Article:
Maine Windjammer “Families” Embrace Solo Shipmates
Mid-coast, Maine— With solo travel on the rise for 2020, single travelers are seeking the best adventures where it’s easy to fit in. A Maine Windjammer Association cruise comes with its own circle of friends. There’s an immediate sense of camaraderie that develops between fellow shipmates due to the small size of the sailing ships. The eight historic windjammers in the fleet carry between 16 and 40 guests, so it’s easy to get to know everyone over the course of a three- to six-day cruise. Meals are served family-style, so everyone’s included in the conversation. Sail handling, while optional, also gets guests working together in a fun and satisfying way.
While a windjammer cruise is definitely a great option for family and friends who want to spend quality time together, it’s also a great way to relax, reflect and kick back on your own. For those seeking solitude, there’s time to go for a run, take a stroll on the beach, enjoy a sunrise or rediscover the constellations at night. About 15-percent of the Maine Windjammer Association fleet’s Maine’s windjammer guests come solo. Like their couple counterparts, they seek the same things: to relax, to meet interesting people, to reconnect with the outdoors, to get off the beaten track, to see and do something new…and of course, to eat well!
Sometimes a spouse comes alone to feed their passionate for a sailing adventure or for a little “me” time. Every guest will find windjamming a safe and comfortable way to travel, where they are welcomed into the family of windjamming that includes shipmates and crew members of all ages and from all walks of life. Many people sail as singles, but then end up returning year after year, often with other guests they’ve met on board.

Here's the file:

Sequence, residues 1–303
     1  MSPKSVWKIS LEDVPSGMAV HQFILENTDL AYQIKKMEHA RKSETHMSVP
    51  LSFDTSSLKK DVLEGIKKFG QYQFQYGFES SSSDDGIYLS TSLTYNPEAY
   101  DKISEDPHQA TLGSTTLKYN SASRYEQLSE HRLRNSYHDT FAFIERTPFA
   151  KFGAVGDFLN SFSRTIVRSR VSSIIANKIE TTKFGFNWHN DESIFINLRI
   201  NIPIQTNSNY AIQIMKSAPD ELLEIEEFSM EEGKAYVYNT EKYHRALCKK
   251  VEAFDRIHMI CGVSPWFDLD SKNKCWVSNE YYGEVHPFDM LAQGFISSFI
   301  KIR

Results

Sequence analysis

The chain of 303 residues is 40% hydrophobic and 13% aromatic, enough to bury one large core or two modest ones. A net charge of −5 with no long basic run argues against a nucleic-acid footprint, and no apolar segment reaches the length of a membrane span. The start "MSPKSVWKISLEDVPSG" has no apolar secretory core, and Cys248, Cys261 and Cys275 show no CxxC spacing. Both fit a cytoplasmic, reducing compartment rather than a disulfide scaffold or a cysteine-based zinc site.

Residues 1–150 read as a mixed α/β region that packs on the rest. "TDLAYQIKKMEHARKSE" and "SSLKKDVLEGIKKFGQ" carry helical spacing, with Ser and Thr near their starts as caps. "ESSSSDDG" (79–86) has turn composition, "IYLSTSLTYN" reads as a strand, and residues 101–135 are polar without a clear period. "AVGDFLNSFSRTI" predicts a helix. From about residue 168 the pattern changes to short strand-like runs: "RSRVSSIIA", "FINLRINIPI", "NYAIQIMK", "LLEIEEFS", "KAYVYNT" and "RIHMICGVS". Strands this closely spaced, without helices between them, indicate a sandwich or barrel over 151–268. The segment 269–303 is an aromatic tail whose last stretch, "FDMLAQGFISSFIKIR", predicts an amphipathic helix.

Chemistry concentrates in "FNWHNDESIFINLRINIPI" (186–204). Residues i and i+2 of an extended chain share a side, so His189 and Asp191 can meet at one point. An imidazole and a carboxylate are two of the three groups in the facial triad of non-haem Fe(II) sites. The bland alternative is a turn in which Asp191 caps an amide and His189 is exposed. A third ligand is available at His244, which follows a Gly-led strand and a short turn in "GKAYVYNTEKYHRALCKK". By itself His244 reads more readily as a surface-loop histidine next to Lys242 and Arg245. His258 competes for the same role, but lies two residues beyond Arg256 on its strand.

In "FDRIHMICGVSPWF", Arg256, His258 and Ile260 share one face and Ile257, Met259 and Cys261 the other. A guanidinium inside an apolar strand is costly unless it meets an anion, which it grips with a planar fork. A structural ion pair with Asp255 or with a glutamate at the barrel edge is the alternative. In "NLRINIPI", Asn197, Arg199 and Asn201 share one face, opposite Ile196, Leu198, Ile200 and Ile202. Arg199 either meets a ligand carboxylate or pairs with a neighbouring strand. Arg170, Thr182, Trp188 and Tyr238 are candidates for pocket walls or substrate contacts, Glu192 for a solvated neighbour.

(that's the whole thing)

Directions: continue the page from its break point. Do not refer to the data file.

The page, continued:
Boston native June Knowles, a veteran windjammer guest with 66 cruises under her belt, sums it up this way: “Sailing alone is safe, companionship is there for the taking—morning coffee, as well as lunch, and later in the day, happy hour on deck, dinner in the main saloon with new people, new thoughts, humor and exchanges. Best of all, you will find shipmates who echo your joy of windjamming, the splendor of the Coast of Maine, islands, graces and places to discover.”
Solo travelers have many options in accommodations. Prices average $200 per person per day, all meals and activities included. All of the windjammers offer single cabins, either at no extra charge or for an additional $25 per night. If single cabins are unavailable, guests can share a cabin at no additional charge with another solo passenger, whom they often become hard and fast friends with afterward…a throwback to the days of summer camp or dorm life! Cabins are simple, all with sinks and running water, comfortable mattresses, fresh linens and plenty of warm blankets. All of the vessels offer hot showers.
Unlike cruise ships with packaged itineraries, shipboard life on a Maine windjammer is entirely unstructured. Each day’s voyage is based on the weather and captain’s whim. Since there are more than 3,000 islands dotting the Maine coast, there are seemingly unlimited overnight anchorages. There’s time to go ashore each day and stretch your legs or explore a small village or deserted island. At night, guests typically congregate on deck and tell stories, star-gaze, listen to music or go for a midnight row. No sailing experience is necessary—the captain and crew will literally show you the ropes!
Solo travelers looking to vacation in a place where they’ll never be lost in the crowd can find no better place than the deck of a windjammer. For more information, contact the Maine Windjammer Association 1-800-807-WIND or check out the website at Sailmainecoast.com. For media information and to schedule a press trip on board one of the Maine Windjammer Association vessels, contact Marti Mayne, PR Manager at Marti@SailMaineCoast.com or 207-846-6331.